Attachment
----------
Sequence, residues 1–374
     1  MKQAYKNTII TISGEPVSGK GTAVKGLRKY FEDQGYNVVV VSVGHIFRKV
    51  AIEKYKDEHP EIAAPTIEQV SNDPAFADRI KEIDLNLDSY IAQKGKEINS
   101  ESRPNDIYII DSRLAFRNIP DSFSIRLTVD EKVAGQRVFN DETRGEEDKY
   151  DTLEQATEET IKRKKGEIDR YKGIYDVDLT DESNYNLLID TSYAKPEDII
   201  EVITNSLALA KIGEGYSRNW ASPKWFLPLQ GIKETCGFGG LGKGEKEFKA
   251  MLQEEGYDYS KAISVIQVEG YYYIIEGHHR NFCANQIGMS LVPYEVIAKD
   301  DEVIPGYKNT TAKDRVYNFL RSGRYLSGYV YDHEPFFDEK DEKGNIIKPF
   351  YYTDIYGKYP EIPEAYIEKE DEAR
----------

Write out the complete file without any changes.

Sequence, residues 1–374
     1  MKQAYKNTII TISGEPVSGK GTAVKGLRKY FEDQGYNVVV VSVGHIFRKV
    51  AIEKYKDEHP EIAAPTIEQV SNDPAFADRI KEIDLNLDSY IAQKGKEINS
   101  ESRPNDIYII DSRLAFRNIP DSFSIRLTVD EKVAGQRVFN DETRGEEDKY
   151  DTLEQATEET IKRKKGEIDR YKGIYDVDLT DESNYNLLID TSYAKPEDII
   201  EVITNSLALA KIGEGYSRNW ASPKWFLPLQ GIKETCGFGG LGKGEKEFKA
   251  MLQEEGYDYS KAISVIQVEG YYYIIEGHHR NFCANQIGMS LVPYEVIAKD
   301  DEVIPGYKNT TAKDRVYNFL RSGRYLSGYV YDHEPFFDEK DEKGNIIKPF
   351  YYTDIYGKYP EIPEAYIEKE DEAR